Doctors Lounge - Fertility Answers
"The information provided on www.doctorslounge.com is designed to support, not replace, the relationship that exists between a patient/site visitor and his/her physician."
Forum Name: Female Sexual Disorders
|rexxy101 - Thu Oct 30, 2003 4:57 pm|
Me and my husband recently decided to experiment in our sex life, so we decided to give anal sex a try. We've done it twice and the second time wasn't as painful as the first. But now I am scared to death. I am afraid I've done something really wrong. I've been in alot of pain recently. I went to my doctor and told him that i was in alot of pain and did not know why. (I was too embarrased to tell him what i had done). He thought maybe I was just constipated and gave me some stool softner. Hoping that he was right I just agreed and took the medication. My bowel movements are fine but the pain proceeds. He did think that this problem was around my colon area because when he touched the right side of my abdomin it was excrutiating. He informed me that my colon was in that area. I am really nervous, I don't know how dangerous this could be but it's starting to hurt to even walk. Does anyone know?? Could it be a bad infection or something?? Please someone respond this is so embarrasing I don't want to talk to anyone face to face.
|Dr. Tamer Fouad - Thu Oct 30, 2003 6:55 pm|
There are several complications to anal sex:
Pain from hemorrhoids. Hemorrhoids can be fragile and prone to bleeding, although they don't usually cause the kind of pain you've described. You can frequently feel a hemorrhoid as a swollen, tender lump in the anal area. You'll often notice blood from a bleeding hemorrhoid on toilet paper after a bowel movement, or on the stool itself.
Pain and bleeding can also occur when there's a small tear in the lining of the anus called an anal fissure. Even small fissures can be pretty painful because they often cause spasms of the opening of the anus. They heal slowly because they're irritated repeatedly during bowel movements. With anal fissures, you may also see blood on toilet paper or on the stool itself.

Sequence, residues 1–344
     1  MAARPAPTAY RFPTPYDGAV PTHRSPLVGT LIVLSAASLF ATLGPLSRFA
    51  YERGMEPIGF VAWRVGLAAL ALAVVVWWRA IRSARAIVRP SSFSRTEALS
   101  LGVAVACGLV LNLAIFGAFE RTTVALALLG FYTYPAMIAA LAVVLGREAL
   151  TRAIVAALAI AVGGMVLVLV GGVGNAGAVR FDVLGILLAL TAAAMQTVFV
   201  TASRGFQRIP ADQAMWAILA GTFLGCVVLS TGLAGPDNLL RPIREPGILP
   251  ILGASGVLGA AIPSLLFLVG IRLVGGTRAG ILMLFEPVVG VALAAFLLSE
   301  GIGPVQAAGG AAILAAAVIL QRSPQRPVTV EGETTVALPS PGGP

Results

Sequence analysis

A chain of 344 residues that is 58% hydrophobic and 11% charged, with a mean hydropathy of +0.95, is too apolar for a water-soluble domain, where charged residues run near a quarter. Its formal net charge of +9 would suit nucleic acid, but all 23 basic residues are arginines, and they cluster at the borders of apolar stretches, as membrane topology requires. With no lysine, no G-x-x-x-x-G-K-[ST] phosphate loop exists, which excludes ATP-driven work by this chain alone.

A rare, but serious, complication after anal sex is a hole (perforation) in the colon. This dangerous problem requires hospitalization, surgery to repair the hole, and antibiotics to prevent infection. A colonic perforation will usually cause fever and severe pain and pressure in the abdomen. This condition requires immediate medical attention, either through your health care provider or your local hospital emergency department.
Sexually transmitted diseases can infect the anus in much the same way as vaginal intercouse.
My advice to you if you do not have fever and the pain is somewhat bearable, is to take an colic pain killer, a stool softner for a couple of days. If you do not improve then you will have to consult someone face to face and you may even need a scope exam. A surgeon would be best at evaluating this condition.
|Mykel - Fri Oct 31, 2008 7:55 pm|
If you get into this and you end up liking so
much that you can't stop, By the time you reach 40 years old you will have
to wear adult diapers cause your insides will be all messed up
and you won't have the ability to control your bowel movements, It's
made to come out, But forcing your feces back up in their will
result in complications later in life.
|MrRodgers - Fri Feb 12, 2010 4:40 am|
Mykel, what evidence do you have to support the outcome you described in your response? "Your insides will be all messed up" is not a very precise description. In fact your whole response is entirely without merit. Anal sex is safe in the long term (especially when in a monogamous relationship, using lube, a condom, etc.) evident by studies such as "Anal sphincter structure and function in homosexual males engaging in anal receptive intercourse." by Chun et al. and the fact that people have been engaging in anal sex for centuries without having to wear diapers once they reach their forties. Please stop spreading such misinformation.
|| Check a doctor's response to similar questions|
Are you a Doctor, Pharmacist, PA or a Nurse?
Join the Doctors Lounge online medical community
Editorial activities: Publish, peer review, edit online articles.
Ask a Doctor Teams: Respond to patient questions and discuss challenging presentations with other members.